In some ways, Ant-Man, and Guardians of the Galaxy before it, might have signaled a willingness of Marvel Studios to let loose in some ways for the upcoming Phase 3. The light, comedic tone of the sequels to this two films, and Thor: Ragnarok, serve as a decent contrast to the more serious tone of films like Captain America: Civil War or Avengers: Infinity War, which is more than welcome. So for the few that haven't seen those films, be aware, it's gonna get weird, but it's safe. There's no reason to be scared.

Grade: B
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Re: Thief's Monthly Film Challenge 2019

Post by Apex Predator » Tue May 28, 2019 4:36 pm

Came pretty close to seeing Desierto a couple of months back. Didn't end up going through with it...I felt it might either infuriate me or depress me.

I thought Ant-Man came a bit smaller than you did. I did appreciate the "smaller" stakes and Scott's interactions with both Hank Pym and his crew (the romantic angle between Scott and Pym's daughter was kinda just there). The villain was fine enough and I did appreciate them not turning the stepfather (Bobby Cannavalle) into a bad guy.

But the smaller stakes cut both ways. Instead of a rooting interest, I was only mildly rooting for the group to succeed because they would be happy?

The end result is watchable, but also kind of disposable.
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Re: Thief's Monthly Film Challenge 2019

Post by Thief » Tue May 28, 2019 4:53 pm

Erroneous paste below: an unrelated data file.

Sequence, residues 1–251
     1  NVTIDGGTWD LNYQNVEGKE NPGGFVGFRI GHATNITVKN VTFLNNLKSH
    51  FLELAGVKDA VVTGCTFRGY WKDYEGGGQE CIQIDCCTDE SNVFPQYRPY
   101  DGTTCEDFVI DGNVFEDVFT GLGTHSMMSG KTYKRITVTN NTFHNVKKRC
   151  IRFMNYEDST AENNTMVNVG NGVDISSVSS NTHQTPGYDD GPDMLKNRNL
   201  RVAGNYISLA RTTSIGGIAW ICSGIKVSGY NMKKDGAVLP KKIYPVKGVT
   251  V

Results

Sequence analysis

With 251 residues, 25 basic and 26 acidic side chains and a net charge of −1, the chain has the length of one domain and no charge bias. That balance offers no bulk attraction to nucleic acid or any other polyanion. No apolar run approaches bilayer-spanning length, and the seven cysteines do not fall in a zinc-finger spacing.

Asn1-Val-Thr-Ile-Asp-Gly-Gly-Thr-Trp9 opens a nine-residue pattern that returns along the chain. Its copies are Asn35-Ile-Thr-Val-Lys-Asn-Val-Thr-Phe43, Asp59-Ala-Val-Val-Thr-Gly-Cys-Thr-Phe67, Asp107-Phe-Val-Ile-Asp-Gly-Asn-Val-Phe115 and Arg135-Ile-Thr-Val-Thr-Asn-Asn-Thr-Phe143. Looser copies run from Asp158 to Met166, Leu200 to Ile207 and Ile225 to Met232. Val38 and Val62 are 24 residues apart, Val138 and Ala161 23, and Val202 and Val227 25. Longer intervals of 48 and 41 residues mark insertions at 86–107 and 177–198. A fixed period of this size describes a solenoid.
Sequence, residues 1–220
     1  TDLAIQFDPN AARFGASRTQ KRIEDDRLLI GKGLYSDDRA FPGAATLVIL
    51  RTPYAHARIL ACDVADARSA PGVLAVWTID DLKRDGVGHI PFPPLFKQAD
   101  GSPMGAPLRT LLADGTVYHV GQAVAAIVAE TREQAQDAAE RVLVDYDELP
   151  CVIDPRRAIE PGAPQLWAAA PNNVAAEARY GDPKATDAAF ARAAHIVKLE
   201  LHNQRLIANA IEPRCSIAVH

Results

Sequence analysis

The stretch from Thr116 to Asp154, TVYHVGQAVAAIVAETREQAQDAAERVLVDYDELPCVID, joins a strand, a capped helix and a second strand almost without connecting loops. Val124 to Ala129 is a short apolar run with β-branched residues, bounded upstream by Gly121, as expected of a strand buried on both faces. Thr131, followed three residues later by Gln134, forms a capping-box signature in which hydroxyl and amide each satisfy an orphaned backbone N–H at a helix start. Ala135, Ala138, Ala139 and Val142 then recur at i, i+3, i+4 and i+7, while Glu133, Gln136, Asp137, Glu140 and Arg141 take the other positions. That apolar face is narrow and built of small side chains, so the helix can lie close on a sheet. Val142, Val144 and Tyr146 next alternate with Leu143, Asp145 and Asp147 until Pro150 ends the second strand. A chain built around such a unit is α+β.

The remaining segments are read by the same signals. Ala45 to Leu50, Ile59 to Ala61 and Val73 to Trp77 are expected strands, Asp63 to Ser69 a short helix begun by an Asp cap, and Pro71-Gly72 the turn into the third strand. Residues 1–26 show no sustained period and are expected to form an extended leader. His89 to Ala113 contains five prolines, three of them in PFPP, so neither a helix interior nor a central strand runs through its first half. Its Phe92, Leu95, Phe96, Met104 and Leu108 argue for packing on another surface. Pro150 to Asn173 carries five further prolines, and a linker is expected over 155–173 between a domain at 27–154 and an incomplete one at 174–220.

Apex Predator wrote:
Tue May 28, 2019 4:36 pm
Came pretty close to seeing Desierto a couple of months back. Didn't end up going through with it...I felt it might either infuriate me or depress me.
There are some slightly disturbing images, or rather events, early on the film, but overall, the film doesn't put a heavy burden on the socio-political aspect of immigrants crossing the border. You know it's there, but it doesn't really feel like it's making any overt statement, other than there's a bad guy out there. In many ways, it feels like a thriller about a madman or killer on the loose.
Apex Predator wrote:
Tue May 28, 2019 4:36 pm
I thought Ant-Man came a bit smaller than you did. I did appreciate the "smaller" stakes and Scott's interactions with both Hank Pym and his crew (the romantic angle between Scott and Pym's daughter was kinda just there). The villain was fine enough and I did appreciate them not turning the stepfather (Bobby Cannavalle) into a bad guy.